Moms Demand Action, a gun-control group backed by former New York City mayor Michael Bloomberg, has launched an advertising campaign asking retail chains to refuse service to shoppers who openly carry assault rifles into their establishments. In response to retailer claims that doing that would violate their customers’ civil liberties, the ads point out that retailers have had no qualms about enforcing a ban on shirtless shoppers, eating ice cream cones and skateboarding. This series of ads targets Kroger, the largest grocery chain in the U.S. So far, nearly a half dozen national restaurants and stores have reversed course in response to Moms Demand Action advertising and publicity campaign. No word yet from Kroger.
Morrisons, one of the largest supermarket chains in the UK, recently unveiled its rebranded entry-level “value” line, now bearing the name “M Savers.” The work was done by brand design agency Coley Porter Bell as part of a strategic assessment aimed at transforming Morrisons’ own label into a more coherent brand. With some 17,000 products and their variants in Morrisons’ own brand, positioning different tiers and categories of products was a daunting task.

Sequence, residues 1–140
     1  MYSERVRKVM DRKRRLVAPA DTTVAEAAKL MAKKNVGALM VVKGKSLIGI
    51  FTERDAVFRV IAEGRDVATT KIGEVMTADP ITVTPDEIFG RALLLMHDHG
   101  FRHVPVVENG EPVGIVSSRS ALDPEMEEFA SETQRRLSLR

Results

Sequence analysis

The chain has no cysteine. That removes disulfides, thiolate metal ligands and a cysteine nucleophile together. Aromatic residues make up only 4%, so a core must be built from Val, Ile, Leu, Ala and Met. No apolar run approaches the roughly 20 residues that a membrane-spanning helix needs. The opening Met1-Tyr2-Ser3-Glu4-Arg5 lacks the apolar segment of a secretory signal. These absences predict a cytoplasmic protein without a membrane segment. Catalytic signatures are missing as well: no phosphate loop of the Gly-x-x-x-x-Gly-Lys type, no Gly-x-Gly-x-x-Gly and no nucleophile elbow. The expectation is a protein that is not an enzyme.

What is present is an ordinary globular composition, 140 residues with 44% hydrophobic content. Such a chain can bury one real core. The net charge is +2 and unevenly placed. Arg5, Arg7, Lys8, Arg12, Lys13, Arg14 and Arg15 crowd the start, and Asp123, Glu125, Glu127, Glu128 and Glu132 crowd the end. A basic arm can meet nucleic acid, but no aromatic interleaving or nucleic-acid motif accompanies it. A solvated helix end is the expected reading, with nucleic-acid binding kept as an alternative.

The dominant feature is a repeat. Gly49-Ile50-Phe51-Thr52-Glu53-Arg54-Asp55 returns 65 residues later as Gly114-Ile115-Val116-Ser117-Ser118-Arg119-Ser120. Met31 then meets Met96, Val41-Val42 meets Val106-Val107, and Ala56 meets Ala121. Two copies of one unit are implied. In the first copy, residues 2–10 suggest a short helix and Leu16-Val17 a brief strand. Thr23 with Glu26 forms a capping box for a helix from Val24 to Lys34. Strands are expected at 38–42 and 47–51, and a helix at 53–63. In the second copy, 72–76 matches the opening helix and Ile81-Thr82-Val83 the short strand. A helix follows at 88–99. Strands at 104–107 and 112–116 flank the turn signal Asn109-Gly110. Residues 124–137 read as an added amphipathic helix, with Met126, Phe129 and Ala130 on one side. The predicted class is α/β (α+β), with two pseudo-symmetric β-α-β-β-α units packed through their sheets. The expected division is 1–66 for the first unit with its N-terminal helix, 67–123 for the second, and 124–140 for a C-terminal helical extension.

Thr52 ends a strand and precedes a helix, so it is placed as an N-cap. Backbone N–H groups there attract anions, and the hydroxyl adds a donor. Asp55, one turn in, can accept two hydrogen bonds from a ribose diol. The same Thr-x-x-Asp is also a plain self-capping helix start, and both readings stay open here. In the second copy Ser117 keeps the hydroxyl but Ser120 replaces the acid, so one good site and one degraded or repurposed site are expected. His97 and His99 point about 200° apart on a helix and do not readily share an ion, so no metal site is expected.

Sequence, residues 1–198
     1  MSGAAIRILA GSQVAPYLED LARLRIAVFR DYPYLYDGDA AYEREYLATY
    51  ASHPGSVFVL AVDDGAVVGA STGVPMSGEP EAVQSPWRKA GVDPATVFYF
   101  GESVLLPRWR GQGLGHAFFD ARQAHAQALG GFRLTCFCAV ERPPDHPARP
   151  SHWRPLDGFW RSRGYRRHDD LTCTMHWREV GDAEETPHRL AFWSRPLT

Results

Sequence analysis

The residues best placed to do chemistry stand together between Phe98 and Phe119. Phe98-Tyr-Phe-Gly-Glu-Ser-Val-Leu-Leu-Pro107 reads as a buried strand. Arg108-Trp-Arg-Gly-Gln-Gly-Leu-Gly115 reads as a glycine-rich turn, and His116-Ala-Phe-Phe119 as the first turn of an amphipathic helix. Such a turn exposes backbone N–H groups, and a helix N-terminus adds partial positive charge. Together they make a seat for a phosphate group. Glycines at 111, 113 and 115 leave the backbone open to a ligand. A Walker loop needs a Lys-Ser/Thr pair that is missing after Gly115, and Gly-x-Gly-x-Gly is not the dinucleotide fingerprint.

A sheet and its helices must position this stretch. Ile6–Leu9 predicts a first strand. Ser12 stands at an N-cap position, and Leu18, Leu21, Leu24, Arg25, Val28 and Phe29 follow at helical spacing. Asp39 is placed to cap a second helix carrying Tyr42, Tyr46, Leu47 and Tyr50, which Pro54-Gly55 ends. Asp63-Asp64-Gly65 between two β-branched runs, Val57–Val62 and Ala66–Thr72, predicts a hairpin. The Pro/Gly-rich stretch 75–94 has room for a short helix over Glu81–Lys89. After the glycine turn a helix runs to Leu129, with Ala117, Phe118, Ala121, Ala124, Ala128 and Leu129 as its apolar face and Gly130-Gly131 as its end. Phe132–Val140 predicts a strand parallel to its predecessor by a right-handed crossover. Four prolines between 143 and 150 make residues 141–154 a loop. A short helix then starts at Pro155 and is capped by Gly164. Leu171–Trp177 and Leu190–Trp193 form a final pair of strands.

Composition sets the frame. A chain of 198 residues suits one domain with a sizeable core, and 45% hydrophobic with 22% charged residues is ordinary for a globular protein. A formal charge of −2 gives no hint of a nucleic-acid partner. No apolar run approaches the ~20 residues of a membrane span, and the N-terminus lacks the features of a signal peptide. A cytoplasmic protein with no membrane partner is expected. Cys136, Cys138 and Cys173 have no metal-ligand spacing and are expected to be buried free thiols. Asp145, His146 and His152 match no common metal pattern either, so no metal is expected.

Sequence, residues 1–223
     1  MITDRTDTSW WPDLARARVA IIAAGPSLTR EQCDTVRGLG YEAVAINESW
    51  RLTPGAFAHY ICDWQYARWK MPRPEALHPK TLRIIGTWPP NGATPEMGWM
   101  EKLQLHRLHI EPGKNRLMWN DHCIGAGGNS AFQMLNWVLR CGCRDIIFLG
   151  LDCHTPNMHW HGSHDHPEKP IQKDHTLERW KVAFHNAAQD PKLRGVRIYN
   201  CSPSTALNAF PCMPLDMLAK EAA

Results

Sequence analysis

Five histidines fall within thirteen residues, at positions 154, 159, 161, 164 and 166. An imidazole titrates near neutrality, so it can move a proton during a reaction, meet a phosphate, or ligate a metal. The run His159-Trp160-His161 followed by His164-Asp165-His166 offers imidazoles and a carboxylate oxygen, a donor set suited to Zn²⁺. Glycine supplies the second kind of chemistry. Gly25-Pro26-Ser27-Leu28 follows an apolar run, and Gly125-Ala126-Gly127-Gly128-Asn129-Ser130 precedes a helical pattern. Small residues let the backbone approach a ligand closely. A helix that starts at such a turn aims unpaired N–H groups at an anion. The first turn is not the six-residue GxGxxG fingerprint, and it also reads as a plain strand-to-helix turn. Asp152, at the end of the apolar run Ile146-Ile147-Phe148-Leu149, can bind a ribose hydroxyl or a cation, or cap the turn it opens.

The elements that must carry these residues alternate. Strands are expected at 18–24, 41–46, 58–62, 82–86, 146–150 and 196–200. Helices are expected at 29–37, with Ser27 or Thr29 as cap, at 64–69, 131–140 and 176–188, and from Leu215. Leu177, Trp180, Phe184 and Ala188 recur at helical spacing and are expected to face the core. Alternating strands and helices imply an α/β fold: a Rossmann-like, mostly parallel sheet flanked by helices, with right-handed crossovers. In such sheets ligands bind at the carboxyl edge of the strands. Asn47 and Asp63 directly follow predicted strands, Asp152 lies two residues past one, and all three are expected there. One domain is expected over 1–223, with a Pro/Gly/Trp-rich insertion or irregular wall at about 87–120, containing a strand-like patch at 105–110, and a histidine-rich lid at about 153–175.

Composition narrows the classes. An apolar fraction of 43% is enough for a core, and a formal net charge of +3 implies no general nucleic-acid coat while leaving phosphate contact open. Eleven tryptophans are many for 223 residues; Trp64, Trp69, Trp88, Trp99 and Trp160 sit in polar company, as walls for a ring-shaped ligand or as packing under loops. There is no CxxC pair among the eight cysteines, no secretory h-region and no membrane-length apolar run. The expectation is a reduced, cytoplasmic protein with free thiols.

Morrisons’ entry-level value line presented its own unique challenges. Stephen Bell, creative director at Coley Porter Bell, said that the term “value” had a negative meaning to some consumers. “Value ranges tend to be somewhat utilitarian, using template designs and basic corporate colors. Research shows that consumers are often ashamed to be seen with them. But with the economy stalled for the foreseeable future, value ranges will be competing on more than just price. We wondered why shouldn’t entry-level products have some charm and engagement?”
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